A new poll found that nearly two-thirds of New Yorkers blame President Biden for the migrant crisis, raising national security, financial and other concerns in the Empire State. 

According to a Sienna College poll released Tuesday, 64% of New Yorkers disapprove of the job Biden is doing to address the recent influx of migrants in the state as of October. That includes 48% of Democrats who flunk Biden for his handling of the crisis, 91% of Republicans and 72% of independents. The poll found 46% of New Yorkers disapprove and just 30% approve of how New York City Mayor Eric Adams has addressed the influx of migrants, and as for New York Gov. Kathy Hochul, 52% disapprove, while just 37% approve. 

“While other issues in Washington and abroad have largely driven the news cycle over the last few weeks, the influx of migrants to New York remains top of mind for voters, with 84% saying it’s a serious – 57% very serious – problem for the state,” Siena College pollster Steven Greenberg said. “Seldom do we see an issue where at least 79% of Democrats, Republicans, independents, men, women, upstaters, downstaters, Blacks, Whites, Latinos, Catholics, Jews, and Protestants all agree – that the migrant influx is a serious problem.” 

“The strong majority of voters last month who said by 22 points that New Yorkers must work to slow the flow of migrants rather than accept and assimilate them, has grown to an overwhelming 35-point majority today,” Greenberg assessed. “That view is shared by 82% of Republicans, 68% of independents and 52% of Democrats, as well as two-thirds of downstaters and 59% of upstaters.”


“While a plurality of New Yorkers do not approve of the job Adams is doing to address the influx of migrants, a 58-32% majority of New Yorkers – including a narrow plurality of Democrats – agree with Adams’ statement that ‘this issue will destroy New York City.’ A majority of White (60%), Black (57%) and Latino (51%) voters all agree,” Greenberg said.

Greenberg assessed that New York remains a “true blue state,” as 49% of voters are enrolled as Democrats and only 23% as Republicans. 

“True, the last Republican presidential candidate to win here was Ronald Reagan in 1984. But also true is that just last year, a Republican came within seven points of being elected governor,” he added, noting Hochul’s relatively narrow victory over GOP gubernatorial candidate and then-congressman Lee Zeldin, who gained major ground with his anti-bail reform, tough on crime platform.

“And also true is that right now, Biden has his worst-ever New York favorability and job approval ratings,” Greenberg said. “The good news for Biden is the election is more than a year away. The bad news is there’s more bad news.”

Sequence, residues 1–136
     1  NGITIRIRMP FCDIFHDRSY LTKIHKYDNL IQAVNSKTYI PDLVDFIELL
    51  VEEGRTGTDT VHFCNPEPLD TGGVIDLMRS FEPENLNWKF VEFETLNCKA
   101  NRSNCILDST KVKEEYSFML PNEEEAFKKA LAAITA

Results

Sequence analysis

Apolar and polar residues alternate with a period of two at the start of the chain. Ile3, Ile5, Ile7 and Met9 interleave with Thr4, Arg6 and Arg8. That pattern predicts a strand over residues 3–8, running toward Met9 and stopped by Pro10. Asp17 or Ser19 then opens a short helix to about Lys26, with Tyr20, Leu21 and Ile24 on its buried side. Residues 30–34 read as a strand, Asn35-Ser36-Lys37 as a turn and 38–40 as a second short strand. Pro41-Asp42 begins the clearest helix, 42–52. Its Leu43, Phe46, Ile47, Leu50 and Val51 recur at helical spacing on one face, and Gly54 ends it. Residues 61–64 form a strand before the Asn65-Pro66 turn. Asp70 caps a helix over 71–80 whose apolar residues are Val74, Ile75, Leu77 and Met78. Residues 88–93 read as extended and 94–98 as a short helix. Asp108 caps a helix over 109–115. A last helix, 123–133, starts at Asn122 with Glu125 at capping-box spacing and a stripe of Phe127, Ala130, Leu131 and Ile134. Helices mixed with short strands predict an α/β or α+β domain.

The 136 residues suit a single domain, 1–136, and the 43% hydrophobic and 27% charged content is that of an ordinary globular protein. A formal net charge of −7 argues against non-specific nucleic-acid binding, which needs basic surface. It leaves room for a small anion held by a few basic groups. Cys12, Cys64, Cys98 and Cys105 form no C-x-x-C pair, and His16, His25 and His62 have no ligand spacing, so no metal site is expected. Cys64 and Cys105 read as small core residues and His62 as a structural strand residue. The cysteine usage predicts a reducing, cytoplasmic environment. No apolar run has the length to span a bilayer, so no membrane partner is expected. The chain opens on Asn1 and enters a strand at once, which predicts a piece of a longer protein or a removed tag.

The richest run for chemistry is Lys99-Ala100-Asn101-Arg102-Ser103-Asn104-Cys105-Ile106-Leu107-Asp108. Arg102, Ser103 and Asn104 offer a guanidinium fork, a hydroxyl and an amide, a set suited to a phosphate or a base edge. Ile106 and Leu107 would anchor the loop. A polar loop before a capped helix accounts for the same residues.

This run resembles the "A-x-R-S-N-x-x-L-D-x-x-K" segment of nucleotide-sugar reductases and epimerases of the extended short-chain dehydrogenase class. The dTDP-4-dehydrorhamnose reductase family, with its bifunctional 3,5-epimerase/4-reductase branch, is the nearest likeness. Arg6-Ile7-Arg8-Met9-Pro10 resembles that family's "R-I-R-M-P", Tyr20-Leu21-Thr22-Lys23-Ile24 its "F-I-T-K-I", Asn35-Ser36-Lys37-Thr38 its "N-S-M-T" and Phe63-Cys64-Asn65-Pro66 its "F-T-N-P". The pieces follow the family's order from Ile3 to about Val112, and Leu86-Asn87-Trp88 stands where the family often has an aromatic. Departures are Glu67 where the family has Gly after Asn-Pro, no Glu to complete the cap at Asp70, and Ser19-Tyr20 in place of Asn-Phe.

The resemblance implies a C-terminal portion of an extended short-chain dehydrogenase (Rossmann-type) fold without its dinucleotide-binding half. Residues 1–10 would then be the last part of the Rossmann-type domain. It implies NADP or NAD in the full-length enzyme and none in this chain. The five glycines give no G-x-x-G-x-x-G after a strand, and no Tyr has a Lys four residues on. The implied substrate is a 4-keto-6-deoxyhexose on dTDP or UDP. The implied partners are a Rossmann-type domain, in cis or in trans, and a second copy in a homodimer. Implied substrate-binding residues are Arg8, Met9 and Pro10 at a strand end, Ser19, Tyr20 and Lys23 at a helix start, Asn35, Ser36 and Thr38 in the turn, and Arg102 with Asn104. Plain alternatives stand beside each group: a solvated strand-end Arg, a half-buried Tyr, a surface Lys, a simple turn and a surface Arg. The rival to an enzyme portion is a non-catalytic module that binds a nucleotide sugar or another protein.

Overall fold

Greenberg noted that the poll found 52% of Democrats say they want a different presidential nominee in 2024. Addtionally, in the general, he said, Biden only leads Trump 46-37%, “a far cry from the 61-38% margin Biden won by in 2020.” Biden’s lead slips to just seven points if Robert F. Kennedy Jr. and Cornell West – who, combined, win the support of nearly one in five voters – are on the ballot, Greenberg added. 

As of Oct. 16, more than 126,700 migrants have arrived in New York City since last spring, including more than 64,100 people who remain in the city’s care. With the rate at which migrants are pouring into New York City increasing, the Big Apple has faced a dual crisis due to the war in Israel. Hamas leaders have called for action around the globe, and the NYPD bolstered patrols this month, but Adams said so far there has been no credible threat. 

Adams’ relationship with Biden has soured over recent months amid the mayor’s urging for further and timely support from federal authorities in handling the migrant crisis. 

While Adams and Biden did not meet last month while the president was in New York City for the United Nations General Assembly, Hochul did meet Biden and secured a deal with the White House in fast-tracking work authorization for Venezuelans. 

While Hochul has seemingly helped facilitate Adams’ controversial strategy of relocating migrants across the state by identifying tens of thousands of eligible jobs across various counties available for migrants, the city is also opening a migrant shelter at Floyd Bennett Field, an airfield in Brooklyn, in the coming weeks “to serve families with children seeking asylum in a semi-congregate setting.” City officials said privacy dividers with locks will be installed to provide approximately 500 families with children a place to stay.

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